Also, I always panelize and always choose V-Score to separate the boards. Our current controller is built on a 40-up panel that’s on a 4X10 array. For those following this thread this means my boards arrive in sheets of 40 that are 4 wide by 10 long.

            And the advantage of doing this? There’s not much advantage if you are shipping an unassembled kit but we load the panel on our SMT (Surface Mount) machine and place parts on all 40 boards at once. Then we reflow the solder on all 40 at once, break the boards apart along the V-scores and finish with mechanical assembly. Panelizing saves us a tremendous amount of internal labor.

    3. Sage advice, but the focus of the article is specifically about bringing a kit to market and not about running a business.

      And yes, I eat because of the other work I do, not because of my kit business. I’m still in the phase at which everything the kits earn goes back into the enterprise.

    4. Obviously there’s some argument as to where to put the slider on the “lean” vs “bulk purchase” scale. Especially when things like tooling costs etc. come up.

      There are some things you can do to optimise the situation though – like trying to use as few individual parts as possible. Got a 3k3 in the analog section? Then your I2C pullup resistors could be 3k3 too.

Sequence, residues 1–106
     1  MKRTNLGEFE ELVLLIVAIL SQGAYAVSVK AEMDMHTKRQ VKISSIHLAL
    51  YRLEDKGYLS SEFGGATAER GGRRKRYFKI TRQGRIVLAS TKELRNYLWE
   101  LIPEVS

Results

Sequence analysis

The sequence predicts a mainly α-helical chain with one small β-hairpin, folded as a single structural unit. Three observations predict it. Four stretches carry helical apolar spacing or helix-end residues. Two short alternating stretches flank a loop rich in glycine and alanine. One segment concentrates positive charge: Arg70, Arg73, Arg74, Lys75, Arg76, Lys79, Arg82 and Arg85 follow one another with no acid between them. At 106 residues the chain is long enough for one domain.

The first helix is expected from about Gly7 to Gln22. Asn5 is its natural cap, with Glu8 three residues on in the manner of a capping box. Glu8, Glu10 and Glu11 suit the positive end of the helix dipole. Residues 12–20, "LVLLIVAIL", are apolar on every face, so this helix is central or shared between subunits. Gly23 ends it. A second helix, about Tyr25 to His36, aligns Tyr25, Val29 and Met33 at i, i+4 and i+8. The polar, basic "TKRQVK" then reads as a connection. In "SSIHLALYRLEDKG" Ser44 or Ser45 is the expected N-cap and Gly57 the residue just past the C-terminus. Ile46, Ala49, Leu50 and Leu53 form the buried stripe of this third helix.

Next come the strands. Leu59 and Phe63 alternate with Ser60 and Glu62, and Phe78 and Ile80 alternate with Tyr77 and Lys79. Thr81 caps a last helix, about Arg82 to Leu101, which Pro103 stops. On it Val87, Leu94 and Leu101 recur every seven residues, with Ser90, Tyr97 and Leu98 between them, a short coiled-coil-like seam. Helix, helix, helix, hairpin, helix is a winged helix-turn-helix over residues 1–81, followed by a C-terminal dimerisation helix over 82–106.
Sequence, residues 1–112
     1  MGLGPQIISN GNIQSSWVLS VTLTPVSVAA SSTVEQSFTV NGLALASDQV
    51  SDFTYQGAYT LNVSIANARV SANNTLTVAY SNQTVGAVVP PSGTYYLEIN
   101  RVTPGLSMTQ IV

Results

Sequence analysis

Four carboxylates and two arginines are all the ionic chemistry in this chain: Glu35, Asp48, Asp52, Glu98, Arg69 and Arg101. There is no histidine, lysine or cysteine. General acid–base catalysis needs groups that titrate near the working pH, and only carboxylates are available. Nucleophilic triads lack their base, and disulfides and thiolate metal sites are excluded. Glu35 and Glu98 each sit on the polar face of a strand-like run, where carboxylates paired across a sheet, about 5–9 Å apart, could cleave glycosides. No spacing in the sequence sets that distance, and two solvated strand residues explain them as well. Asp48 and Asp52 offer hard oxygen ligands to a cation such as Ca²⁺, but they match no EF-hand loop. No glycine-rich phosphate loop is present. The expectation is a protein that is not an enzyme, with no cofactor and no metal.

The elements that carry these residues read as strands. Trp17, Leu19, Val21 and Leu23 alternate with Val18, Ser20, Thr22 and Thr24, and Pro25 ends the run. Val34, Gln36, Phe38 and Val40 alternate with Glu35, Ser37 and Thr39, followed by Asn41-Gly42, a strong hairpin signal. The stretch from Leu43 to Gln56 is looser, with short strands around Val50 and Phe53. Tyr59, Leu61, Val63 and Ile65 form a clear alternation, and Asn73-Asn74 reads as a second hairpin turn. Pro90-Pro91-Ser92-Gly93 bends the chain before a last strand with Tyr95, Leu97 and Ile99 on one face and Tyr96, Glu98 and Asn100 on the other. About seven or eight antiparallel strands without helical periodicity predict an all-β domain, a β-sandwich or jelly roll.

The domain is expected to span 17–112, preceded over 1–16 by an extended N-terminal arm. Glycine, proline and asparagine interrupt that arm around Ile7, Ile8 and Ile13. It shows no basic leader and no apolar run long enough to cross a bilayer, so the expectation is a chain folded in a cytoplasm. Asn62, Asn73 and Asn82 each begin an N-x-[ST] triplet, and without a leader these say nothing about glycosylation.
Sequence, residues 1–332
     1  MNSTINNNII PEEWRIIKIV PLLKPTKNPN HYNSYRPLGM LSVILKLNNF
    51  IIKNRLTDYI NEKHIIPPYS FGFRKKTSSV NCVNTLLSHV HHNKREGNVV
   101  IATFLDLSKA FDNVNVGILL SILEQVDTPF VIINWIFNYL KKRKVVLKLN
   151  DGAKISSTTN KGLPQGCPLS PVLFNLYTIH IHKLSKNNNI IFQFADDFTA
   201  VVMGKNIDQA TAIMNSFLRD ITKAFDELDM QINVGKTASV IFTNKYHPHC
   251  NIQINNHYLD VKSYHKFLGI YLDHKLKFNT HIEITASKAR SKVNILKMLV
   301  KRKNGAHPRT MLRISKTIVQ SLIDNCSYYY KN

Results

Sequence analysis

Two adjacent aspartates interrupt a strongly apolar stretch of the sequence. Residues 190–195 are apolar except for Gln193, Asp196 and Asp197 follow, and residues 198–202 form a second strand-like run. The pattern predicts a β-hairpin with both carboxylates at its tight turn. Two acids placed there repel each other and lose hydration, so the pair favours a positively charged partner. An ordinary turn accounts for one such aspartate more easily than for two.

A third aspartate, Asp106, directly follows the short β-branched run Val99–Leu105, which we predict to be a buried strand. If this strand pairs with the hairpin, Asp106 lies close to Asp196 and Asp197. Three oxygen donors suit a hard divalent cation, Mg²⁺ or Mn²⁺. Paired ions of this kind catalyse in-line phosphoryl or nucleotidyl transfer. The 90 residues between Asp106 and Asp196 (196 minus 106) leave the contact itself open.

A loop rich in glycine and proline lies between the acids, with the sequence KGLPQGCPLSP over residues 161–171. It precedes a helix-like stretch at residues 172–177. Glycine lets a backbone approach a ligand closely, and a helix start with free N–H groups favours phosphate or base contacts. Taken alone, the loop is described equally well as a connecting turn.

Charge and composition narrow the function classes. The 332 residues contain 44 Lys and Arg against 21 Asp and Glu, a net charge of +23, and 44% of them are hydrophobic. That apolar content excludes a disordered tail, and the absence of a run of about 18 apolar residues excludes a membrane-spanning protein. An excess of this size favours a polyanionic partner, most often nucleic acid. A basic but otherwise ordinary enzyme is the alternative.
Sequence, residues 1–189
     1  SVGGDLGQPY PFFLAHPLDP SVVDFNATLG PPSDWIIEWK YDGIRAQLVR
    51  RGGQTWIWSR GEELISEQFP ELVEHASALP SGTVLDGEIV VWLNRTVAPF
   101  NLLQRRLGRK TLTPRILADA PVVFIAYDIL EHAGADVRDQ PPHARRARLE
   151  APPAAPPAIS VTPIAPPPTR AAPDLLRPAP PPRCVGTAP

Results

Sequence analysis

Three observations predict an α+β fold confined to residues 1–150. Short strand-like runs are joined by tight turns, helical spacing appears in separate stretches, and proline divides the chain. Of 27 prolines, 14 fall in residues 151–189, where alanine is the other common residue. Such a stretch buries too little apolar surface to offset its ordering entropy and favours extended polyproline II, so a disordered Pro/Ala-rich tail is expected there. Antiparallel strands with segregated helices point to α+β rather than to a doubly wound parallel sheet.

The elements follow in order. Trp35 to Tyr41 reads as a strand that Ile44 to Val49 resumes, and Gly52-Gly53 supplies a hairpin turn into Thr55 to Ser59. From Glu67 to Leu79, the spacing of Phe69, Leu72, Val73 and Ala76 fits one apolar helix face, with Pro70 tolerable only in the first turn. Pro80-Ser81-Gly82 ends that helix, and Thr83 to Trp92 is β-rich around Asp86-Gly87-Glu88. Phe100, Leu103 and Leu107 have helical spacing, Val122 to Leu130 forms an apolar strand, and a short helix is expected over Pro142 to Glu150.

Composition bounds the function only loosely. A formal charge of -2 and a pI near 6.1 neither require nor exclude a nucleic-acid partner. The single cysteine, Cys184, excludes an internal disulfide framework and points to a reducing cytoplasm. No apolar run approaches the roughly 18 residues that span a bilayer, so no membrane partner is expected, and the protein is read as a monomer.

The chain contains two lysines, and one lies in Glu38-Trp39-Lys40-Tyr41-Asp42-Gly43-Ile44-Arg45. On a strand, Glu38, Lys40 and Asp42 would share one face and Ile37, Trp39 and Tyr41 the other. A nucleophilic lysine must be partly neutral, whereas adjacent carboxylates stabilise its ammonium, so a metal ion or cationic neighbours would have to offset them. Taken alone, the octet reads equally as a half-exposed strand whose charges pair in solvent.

One big plus of running a light operation is that if you want to revise the kit (bugfix, improvement, whatever) you aren’t left holding a pile of unusable stuff. From experience (and it wasn’t my money!) it kinda hurts to throw out hundreds of units because they’re out of date.

  3. I have a couple things to add!

    I was surprised by a few things when I was putting together my first kit because at the time I had never really seriously shipped or packaged things before (just ones and twos prior to that). Without getting into customer handling or business management, here’s some stuff directly related to getting a kit into people’s hands (aka what I screwed up on by not anticipating):

    1) Cardboard boxes are expensive! It’s easy to mentally slot cardboard boxes as kind of ~free~ because we all have spares we just get rid of and they seem to be everywhere. But if you want new cardboard (even off-the-shelf “new” options and not custom-made or anything) they cost real money, and more than you might think!